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A ‘Seinfeld’ Reunion That’s Not

Seinfeld fans craving a reunion of the hit comedy 11 years after it signed off NBC will finally get one. It's just not the one they might have expected.

Instead, the cast reassembles in a five-episode stint starting Sunday (9 ET/PT) on co-creator Larry David's HBO comedy, "Curb Your Enthusiasm."

David's TV alter ego, who split with actress wife Cheryl (Cheryl Hines) as last season ended, is against the idea but convinces the cast after seeing the reunion as an opportunity to win her back by promising her a role in the special.

In Sunday's episode, Jerry Seinfeld calls the idea "desperate" and "pathetic."

"Our reaction when he first broaches the idea to us is the real one," Seinfeld says in an interview. "We go along with it because that's the story of the show. In reality, nobody would go along with it." And NBC never asked.

Unlike the tightly scripted "Seinfeld," ''Curb" is mostly improvised. "I didn't realize we'd be able to integrate the Seinfeld cast into his show so smoothly," Seinfeld says. "There was no acting at all - zero. I was totally relaxed because I didn't have to remember any lines, and you say whatever you would normally say."

Julia Louis-Dreyfus (Elaine Benes) calls it "an incredibly happy experience. It was very nostalgic and slightly wistful, all being back together. To be able to do this pretend-real version of yourself and improvise, we'd never done that as a group."

And David, who says he always laughed at friends who urged a real reunion - "they're lame, they don't work" - says the solution "was a perfect way to do something like that but not to do it. Under the guise of doing the "Curb" show, it was very relaxed and loose and easy. I was just struck by how easy it was for them to fall back into doing it. It was just a pleasure to watch them work again."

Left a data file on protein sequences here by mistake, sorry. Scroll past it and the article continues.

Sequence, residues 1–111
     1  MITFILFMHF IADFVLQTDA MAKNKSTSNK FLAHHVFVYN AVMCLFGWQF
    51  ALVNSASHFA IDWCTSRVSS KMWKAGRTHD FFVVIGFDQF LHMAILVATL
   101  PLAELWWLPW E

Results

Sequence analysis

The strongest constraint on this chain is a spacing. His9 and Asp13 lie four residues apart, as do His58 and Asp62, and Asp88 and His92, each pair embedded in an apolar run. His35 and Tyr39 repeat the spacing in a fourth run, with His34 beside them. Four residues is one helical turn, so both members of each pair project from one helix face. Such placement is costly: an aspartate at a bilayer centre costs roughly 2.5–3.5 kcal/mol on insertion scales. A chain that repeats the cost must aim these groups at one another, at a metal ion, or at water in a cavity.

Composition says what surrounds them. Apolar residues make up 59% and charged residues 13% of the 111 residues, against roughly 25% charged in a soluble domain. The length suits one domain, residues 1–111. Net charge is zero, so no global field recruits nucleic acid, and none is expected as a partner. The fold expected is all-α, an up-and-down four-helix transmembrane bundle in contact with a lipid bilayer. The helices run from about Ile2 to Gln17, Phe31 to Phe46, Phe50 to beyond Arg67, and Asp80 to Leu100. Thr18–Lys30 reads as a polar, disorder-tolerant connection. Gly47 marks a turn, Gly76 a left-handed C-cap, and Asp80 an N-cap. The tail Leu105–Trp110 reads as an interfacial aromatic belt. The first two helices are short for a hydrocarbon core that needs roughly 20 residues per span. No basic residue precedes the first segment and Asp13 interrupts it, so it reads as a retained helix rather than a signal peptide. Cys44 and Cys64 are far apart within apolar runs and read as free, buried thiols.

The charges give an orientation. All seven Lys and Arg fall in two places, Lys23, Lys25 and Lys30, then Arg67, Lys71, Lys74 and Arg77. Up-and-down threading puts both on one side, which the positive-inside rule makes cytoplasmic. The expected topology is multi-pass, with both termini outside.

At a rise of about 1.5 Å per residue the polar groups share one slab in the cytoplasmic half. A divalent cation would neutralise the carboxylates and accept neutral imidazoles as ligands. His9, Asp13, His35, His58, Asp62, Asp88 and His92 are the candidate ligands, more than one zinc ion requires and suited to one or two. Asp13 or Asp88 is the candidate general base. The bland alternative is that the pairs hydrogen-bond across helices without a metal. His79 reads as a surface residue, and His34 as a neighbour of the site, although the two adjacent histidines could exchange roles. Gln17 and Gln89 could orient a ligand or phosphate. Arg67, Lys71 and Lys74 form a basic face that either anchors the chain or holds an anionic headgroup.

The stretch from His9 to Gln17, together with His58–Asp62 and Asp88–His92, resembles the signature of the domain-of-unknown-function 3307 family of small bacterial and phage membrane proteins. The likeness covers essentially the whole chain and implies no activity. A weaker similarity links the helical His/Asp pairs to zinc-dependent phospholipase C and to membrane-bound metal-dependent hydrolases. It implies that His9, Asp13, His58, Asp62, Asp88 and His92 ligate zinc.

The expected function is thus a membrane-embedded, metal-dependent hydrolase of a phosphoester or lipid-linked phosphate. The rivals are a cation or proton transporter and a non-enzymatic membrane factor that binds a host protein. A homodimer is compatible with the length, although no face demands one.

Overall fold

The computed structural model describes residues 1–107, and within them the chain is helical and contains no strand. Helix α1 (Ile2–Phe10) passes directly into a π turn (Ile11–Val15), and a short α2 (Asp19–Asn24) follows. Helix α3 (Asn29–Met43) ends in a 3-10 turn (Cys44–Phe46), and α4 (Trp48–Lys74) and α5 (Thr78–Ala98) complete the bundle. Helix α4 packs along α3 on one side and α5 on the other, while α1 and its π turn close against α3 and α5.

Especially since the actors mostly appear out of character. "They're playing themselves, but of course I've bastardized who they are," he says. "Jason (Alexander) is not nearly as nice as he is in real life."

Along the way, there are jokes at the expense of "Seinfeld'''s often-panned finale, which sent the characters to jail, and the role of Alexander's George Costanza as a stand-in for David.

The story arc, which involves writing, rehearsing and filming, resumes Oct. 25 and makes up four of the season's final five episodes. It fits around other "Curb" story lines -Ted Danson, Rosie O'Donnell and Christian Slater guest-star in upcoming, unrelated episodes - and only glimpses of the final "reunion" are seen.

HBO programming chief Michael Lombardo says he's thrilled with the new episodes and adds that last season's split between "Larry" and Cheryl (mirroring David's real-life divorce) "gave him a narrative to work toward, as opposed to a season of Larry experiencing life."

David earlier considered doing an entire season as a flashback to 1995, "about me meeting Cheryl when she comes in to audition for the show and dating her. At that time I was still producing and writing Seinfeld." But he says that premise was "too logistically difficult to justify."

But Seinfeld says "surreal is the only word" to describe his own flashback of working on his show's original sets, hauled out of storage. And Louis-Dreyfus says the characters are pretty much their usual selves, though some life changes are revealed. "There's a lot of stress, anxiety and yelling, as there used to be. We're playing the same game."

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